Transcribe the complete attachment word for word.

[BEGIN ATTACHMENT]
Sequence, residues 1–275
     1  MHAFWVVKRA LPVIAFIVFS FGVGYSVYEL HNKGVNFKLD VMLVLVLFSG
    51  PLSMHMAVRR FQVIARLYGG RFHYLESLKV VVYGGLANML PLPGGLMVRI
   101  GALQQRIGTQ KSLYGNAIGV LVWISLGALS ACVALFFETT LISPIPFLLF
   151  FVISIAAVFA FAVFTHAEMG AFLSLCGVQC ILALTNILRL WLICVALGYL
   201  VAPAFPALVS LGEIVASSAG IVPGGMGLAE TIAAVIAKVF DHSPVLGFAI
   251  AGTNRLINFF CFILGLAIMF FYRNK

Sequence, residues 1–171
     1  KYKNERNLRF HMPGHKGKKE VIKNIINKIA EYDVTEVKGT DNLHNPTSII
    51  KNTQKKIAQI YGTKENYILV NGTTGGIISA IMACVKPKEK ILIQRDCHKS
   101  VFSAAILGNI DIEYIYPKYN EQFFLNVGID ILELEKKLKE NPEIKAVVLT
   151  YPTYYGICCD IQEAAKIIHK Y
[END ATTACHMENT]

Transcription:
Sequence, residues 1–275
     1  MHAFWVVKRA LPVIAFIVFS FGVGYSVYEL HNKGVNFKLD VMLVLVLFSG
    51  PLSMHMAVRR FQVIARLYGG RFHYLESLKV VVYGGLANML PLPGGLMVRI
   101  GALQQRIGTQ KSLYGNAIGV LVWISLGALS ACVALFFETT LISPIPFLLF
   151  FVISIAAVFA FAVFTHAEMG AFLSLCGVQC ILALTNILRL WLICVALGYL
   201  VAPAFPALVS LGEIVASSAG IVPGGMGLAE TIAAVIAKVF DHSPVLGFAI
   251  AGTNRLINFF CFILGLAIMF FYRNK

Sequence, residues 1–171
     1  KYKNERNLRF HMPGHKGKKE VIKNIINKIA EYDVTEVKGT DNLHNPTSII
    51  KNTQKKIAQI YGTKENYILV NGTTGGIISA IMACVKPKEK ILIQRDCHKS
   101  VFSAAILGNI DIEYIYPKYN EQFFLNVGID ILELEKKLKE NPEIKAVVLT
   151  YPTYYGICCD IQEAAKIIHK Y